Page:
U.S. Pat. No. 2,928,867, issued Mar. 15, 1960, to Kirk, et al, for example, discloses a method for preparation of stable alkaryl sulfonates. The method involves the use of alkaryl hydrocarbons such as dodecylbenzene to which is added sulfur trioxide. After cooling, a substantial quantity of water is then added, after which the solution is mixed and then neutralized with a 14% sodium hydroxide solution which, of course, increases the amount of water already in the reaction mixture.
U.S. Pat. No. 4,144,266, issued Mar. 13, 1979, to Plummer, et al, discloses a method for the sulfonation of crude oil to produce petroleum sulfonates by treating a crude oil with sulfur trioxide, removing unreacted hydrocarbons by the addition of water, and then neutralizing the formed sulfonic acid with a base.
U.S. Pat. No. 2,847,459, issued Aug. 12, 1959, to Mitchell, is directed to the preparation of aromatic sulfonate salts wherein a higher alkaryl substituted aromatic compound is first reacted with anhydrous sulfur trioxide. The resulting acid mix is then neutralized by pouring it into a vessel containing water and an alkali metal hydroxide. The slurry, containing the neutralized product, is "aged" at a temperature of approximately 65° C. to about 100° C. to provide a water-soluble alkayl aryl sulfonate having a substantially stable pH. Water comprises from 20% to 80% by weight of the mixture being aged.
U.S. Pat. No. 3,358,017, issued Dec. 12, 1967, to Seifert, relates to a process for producing substantially odorless alkaryl sulfonates by, in part, neutralizing an alkylaryl sulfonic acid with aqueous sodium hydroxide.
British Pat. No. 958,995, discloses a process for the preparation of alkyl-aryl sulfonates which involves first, sulfonating an alkyl-aryl compound, then neutralizing said compound with an aqueous solution of alkali metal hydroxide and cooling said neutralization mixture.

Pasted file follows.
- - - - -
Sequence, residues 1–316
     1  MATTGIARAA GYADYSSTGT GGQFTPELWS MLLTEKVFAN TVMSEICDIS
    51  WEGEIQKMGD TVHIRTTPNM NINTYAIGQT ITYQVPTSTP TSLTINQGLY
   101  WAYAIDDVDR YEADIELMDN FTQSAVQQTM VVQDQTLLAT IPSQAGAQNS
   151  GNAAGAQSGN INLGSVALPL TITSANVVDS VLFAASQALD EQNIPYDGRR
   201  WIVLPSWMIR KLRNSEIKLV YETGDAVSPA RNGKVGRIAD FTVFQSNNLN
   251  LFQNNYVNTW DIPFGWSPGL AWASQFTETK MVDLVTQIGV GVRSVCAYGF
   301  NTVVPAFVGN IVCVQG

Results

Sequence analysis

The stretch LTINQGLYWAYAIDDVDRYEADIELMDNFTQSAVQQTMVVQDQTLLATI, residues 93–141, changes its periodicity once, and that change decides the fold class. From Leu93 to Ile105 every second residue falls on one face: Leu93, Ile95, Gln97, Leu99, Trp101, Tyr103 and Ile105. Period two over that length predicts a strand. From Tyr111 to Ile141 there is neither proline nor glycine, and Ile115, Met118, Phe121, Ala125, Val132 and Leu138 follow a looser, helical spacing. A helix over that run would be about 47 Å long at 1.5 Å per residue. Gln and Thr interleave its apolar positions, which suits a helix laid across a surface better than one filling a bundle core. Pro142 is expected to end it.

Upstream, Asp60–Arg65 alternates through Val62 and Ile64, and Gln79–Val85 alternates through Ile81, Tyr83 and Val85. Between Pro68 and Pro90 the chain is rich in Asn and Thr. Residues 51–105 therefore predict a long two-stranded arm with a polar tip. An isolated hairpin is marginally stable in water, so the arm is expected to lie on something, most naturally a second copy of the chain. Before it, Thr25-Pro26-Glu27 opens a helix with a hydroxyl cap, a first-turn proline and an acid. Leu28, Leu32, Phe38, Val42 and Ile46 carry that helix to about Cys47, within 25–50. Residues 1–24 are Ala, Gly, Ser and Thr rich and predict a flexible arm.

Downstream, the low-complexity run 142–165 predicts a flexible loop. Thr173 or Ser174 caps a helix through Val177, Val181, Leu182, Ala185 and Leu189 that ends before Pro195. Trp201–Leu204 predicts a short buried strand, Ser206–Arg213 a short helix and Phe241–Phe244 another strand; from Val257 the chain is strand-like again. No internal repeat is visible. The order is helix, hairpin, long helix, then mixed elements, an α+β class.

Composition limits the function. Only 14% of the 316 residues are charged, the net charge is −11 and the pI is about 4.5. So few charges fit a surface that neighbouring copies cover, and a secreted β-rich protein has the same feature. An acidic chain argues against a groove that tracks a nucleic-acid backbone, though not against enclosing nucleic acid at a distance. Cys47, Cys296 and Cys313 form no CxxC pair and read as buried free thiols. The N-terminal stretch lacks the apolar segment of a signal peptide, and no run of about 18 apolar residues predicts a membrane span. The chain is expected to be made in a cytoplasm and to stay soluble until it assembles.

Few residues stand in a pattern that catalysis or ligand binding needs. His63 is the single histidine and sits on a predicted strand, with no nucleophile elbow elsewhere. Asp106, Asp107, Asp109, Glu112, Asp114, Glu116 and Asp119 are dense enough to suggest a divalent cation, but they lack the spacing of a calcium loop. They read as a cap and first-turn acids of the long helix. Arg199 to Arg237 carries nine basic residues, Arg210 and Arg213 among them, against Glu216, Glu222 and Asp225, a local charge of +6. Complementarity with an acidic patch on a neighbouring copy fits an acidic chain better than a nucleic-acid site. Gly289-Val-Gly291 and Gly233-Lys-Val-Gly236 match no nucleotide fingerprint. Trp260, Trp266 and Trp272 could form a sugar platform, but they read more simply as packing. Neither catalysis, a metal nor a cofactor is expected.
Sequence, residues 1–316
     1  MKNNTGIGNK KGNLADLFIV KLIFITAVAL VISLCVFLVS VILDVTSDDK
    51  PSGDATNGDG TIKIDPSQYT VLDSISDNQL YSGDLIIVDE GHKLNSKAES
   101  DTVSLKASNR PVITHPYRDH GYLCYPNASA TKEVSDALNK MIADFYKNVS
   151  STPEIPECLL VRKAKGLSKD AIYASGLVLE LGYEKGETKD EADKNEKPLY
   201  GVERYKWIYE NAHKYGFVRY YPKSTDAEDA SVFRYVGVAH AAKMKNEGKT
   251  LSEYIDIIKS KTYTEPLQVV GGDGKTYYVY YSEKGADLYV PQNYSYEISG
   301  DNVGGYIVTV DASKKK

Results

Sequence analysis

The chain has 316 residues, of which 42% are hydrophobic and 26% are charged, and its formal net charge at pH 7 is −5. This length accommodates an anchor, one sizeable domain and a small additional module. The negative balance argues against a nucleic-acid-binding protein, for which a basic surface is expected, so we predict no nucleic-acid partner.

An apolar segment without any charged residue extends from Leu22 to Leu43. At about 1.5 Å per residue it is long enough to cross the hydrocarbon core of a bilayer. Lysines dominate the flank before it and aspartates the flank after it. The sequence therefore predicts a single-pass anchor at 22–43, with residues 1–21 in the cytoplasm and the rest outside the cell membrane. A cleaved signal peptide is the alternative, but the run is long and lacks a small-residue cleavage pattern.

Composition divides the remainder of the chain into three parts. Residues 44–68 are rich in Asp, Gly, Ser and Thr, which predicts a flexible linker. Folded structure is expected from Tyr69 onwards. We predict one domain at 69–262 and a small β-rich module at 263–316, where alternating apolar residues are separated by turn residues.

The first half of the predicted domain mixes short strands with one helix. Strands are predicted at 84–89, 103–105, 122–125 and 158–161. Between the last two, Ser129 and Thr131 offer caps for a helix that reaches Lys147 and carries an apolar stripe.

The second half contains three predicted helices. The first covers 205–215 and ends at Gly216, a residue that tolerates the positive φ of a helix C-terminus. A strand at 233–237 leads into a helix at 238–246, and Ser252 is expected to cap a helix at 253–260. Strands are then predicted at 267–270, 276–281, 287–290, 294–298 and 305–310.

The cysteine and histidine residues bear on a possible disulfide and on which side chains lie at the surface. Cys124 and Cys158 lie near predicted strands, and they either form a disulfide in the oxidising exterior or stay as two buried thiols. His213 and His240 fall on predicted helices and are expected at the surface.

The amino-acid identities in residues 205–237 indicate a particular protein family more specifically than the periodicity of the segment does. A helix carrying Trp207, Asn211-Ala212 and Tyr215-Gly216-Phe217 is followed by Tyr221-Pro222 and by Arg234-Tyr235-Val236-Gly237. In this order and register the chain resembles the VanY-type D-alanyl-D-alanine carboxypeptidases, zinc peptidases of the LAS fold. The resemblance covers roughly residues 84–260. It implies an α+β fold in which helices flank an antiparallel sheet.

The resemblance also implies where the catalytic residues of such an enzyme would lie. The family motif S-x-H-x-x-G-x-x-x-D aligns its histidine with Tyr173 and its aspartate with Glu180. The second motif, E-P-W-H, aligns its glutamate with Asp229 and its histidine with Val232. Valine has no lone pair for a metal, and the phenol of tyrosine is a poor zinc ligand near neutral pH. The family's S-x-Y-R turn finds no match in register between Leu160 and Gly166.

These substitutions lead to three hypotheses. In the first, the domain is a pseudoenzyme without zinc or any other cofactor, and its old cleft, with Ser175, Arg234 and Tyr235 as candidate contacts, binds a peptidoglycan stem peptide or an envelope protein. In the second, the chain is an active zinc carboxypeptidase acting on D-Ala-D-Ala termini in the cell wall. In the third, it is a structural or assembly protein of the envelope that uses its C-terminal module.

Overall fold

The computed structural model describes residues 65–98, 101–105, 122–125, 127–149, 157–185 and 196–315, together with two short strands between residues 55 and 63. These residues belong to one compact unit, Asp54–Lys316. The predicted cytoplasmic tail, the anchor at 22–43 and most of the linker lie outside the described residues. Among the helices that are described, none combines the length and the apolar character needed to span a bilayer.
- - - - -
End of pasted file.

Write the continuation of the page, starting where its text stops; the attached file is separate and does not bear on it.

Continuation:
In accordance with the present invention, an essentially one-step process for the preparation of alkaryl sulfonates has been evolved which results in significant savings in energy and time over methods heretofore used to prepare such sulfonates. In addition to its energy and time saving features, the process enables more efficient use of equipment, and reduces the volume of materials and the types thereof heretofore required to produce alkaryl sulfonates. The process, in brief, comprises forming a reaction mixture consisting essentially of an alkaryl sulfonic acid and a salt-forming base; maintaining the reaction mixture at, or near, the exothermic temperature of the reaction between the acid and the base; and utilizing the heat generated during the neutralization reaction to remove water from the mixture to provide a dry, free-flowing powder. The entire process can be carried out in a single reaction vessel which, advantageously, is jacketed to enable the temperature of the reaction mixture to be controlled as desired. An anti-tack agent desirably is added to the reaction mixture to inhibit lumping or agglomeration of the powdered sulfonate during drying. The end product obtained by the process comprises at least 90% active material.
The alkaryl sulfonic acids utilized in the practice of the present invention may be selected from a wide group. The generally optimum objectives of the invention, however, are attained with alkaryl sulfonic acids exemplified by alkylbenzene and alkyltoluene sulfonic acids wherein the alkyl substituent contains 10 to 18 carbon atoms. A preferred alkaryl sulfonic acid of this group is dodecylbenzene sulfonic acid.
The salt-forming bases employed in the process include alkali metal and alkaline earth metal hydroxides. Exemplary of such hydroxides are sodium, potassium and lithium hydroxide, and calcium and magnesium hydroxide. Especially preferred is sodium hyroxide. The salt-forming base can be used in solid form such as flakes, or chips, or in the form of an aqueous solution wherein the concentration of the base is at least about 50%, and preferably upwards of about 60% to about 70%, or higher.